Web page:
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Is it possible to generate a 2D distribution function $f(x,y)$ with function supports specified as $[-a,a]$ and $[-b,b]$ for $x$ and $y$ respectively, such that it always has moments which are NON ZERO up-to a certain higher order say $p+q$?

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Question modified after an answer was posted. – Did Mar 8 '13 at 13:28

Every distribution whose suppport is bounded has moments of every order. Here, the support is included in $[-a,a]\times[-b,b]$ hence bounded.

If the support of the distribution is included in $[a,b]\times[c,d]$ with $0\lt a\lt b$ and $0\lt c\lt d$, then the $(i,j)$-moment is between $a^ic^j$ and $b^id^j$ for every nonnegative $i$ and $j$, in particular this moment is finite and positive.

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And can we ensure those moments are always non-zero even if the support is possitive i.e., for the supports [a,b] and [c,d]? – hAcKnRoCk Feb 12 '13 at 9:44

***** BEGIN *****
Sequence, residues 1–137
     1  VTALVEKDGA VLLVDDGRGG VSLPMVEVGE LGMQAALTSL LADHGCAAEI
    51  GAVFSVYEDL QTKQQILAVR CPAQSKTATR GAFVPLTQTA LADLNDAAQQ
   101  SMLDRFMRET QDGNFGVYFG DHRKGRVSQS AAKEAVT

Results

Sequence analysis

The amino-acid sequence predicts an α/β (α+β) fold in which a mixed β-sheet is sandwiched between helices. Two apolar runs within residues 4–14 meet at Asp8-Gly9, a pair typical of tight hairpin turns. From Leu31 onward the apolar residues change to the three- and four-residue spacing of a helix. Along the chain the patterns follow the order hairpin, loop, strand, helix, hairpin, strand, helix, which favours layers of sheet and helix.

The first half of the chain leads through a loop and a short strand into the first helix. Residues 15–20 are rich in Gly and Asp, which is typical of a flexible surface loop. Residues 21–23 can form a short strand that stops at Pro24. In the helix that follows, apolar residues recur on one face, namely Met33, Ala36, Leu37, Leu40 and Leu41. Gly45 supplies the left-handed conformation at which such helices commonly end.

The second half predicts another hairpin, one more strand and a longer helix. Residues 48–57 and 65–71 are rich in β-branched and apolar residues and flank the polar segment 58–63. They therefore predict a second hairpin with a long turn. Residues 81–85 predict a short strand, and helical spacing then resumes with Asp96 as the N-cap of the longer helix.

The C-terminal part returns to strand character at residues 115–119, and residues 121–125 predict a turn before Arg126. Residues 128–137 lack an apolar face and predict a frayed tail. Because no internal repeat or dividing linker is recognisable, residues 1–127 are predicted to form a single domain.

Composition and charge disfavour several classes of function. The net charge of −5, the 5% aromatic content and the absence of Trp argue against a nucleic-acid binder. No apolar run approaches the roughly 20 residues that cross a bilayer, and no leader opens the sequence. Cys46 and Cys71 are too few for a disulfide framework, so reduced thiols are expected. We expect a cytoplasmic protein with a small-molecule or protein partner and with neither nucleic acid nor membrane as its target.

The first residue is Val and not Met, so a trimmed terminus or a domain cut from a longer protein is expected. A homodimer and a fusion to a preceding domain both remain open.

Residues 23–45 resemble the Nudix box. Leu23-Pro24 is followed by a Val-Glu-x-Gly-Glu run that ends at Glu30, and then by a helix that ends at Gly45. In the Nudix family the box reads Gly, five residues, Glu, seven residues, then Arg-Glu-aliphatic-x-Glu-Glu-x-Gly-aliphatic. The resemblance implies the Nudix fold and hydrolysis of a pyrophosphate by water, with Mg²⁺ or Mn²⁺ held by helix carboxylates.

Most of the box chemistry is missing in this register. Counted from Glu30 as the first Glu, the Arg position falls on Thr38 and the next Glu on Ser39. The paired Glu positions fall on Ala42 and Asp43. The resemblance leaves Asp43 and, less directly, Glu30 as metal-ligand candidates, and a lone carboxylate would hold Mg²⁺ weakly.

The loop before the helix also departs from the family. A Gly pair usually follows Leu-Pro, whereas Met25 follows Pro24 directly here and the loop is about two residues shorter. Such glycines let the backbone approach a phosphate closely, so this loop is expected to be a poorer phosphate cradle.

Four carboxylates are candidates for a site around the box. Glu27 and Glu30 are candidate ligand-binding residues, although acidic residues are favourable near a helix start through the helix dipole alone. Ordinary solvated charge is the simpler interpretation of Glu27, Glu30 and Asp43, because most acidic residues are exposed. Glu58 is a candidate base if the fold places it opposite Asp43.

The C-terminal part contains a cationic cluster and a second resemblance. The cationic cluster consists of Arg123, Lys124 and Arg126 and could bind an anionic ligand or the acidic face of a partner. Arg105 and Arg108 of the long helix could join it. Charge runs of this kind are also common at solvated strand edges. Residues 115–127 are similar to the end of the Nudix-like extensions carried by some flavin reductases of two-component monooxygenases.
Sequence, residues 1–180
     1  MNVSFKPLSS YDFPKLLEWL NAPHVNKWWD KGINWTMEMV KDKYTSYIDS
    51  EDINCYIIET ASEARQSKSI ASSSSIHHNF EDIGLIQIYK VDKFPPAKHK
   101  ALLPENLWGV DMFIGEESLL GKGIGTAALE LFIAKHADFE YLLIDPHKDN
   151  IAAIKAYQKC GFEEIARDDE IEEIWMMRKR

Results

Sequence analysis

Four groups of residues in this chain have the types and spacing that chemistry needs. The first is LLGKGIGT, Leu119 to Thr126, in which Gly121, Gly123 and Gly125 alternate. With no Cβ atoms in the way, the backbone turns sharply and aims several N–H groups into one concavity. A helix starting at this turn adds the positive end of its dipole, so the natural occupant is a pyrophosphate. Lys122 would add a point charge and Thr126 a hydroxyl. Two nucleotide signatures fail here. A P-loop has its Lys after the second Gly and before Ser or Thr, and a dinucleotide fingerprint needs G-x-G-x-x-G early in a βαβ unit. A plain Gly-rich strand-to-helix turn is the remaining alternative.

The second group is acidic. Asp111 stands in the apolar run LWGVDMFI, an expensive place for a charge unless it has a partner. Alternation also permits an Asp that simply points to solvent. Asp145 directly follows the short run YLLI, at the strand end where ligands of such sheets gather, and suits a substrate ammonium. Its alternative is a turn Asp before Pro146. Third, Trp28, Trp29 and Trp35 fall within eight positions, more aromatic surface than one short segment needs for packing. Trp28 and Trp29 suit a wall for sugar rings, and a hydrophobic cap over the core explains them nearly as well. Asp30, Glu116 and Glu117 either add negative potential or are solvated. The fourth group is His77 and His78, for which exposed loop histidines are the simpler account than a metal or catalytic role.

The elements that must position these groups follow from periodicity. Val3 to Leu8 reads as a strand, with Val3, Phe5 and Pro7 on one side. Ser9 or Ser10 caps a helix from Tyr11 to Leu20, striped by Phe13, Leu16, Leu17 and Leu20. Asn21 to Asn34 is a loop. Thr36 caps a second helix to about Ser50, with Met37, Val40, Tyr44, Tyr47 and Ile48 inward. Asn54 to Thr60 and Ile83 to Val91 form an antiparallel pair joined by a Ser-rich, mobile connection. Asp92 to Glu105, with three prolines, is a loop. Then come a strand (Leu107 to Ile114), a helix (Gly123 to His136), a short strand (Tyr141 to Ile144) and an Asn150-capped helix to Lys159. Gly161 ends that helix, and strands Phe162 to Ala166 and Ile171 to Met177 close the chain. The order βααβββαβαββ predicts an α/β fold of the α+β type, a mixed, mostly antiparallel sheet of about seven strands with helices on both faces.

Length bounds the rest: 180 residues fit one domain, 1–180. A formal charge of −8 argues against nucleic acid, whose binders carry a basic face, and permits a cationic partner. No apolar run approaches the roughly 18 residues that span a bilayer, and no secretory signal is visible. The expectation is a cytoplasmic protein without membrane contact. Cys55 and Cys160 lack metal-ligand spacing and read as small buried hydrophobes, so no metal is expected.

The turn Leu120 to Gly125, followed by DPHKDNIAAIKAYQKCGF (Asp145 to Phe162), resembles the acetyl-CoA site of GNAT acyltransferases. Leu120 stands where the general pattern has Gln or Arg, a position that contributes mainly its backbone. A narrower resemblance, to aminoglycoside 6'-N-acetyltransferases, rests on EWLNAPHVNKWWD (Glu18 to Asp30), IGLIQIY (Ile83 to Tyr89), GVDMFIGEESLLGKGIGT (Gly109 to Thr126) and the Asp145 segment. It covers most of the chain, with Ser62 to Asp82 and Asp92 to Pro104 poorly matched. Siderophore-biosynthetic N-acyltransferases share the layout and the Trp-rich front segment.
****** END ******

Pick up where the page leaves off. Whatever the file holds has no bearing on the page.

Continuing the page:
Not sure I get your question but in any case see revised version. – Did Feb 12 '13 at 9:48
thanks for your answer. But every distribution whose support is bounded has moments of every order might not be true. As an example, consider a distribution which is symmetric. In this case, some of the 3rd order moments become zero. Is it not? – hAcKnRoCk Mar 8 '13 at 9:06
Example (and objection) unrelated to my post. Would you be saying "to have moments of any order" to mean "to have moments of any order, whose values are not zero"? – Did Mar 8 '13 at 9:12
Yes. Sorry. So i should have phrased it 'moments of any order, but non-zero. I ve edited the question. – hAcKnRoCk Mar 8 '13 at 9:24

You could use the Moment Generating Function? Up to some conditions, i.e. when it exists, the MGF uniquely defines a distribution, by basically defining all its moments.

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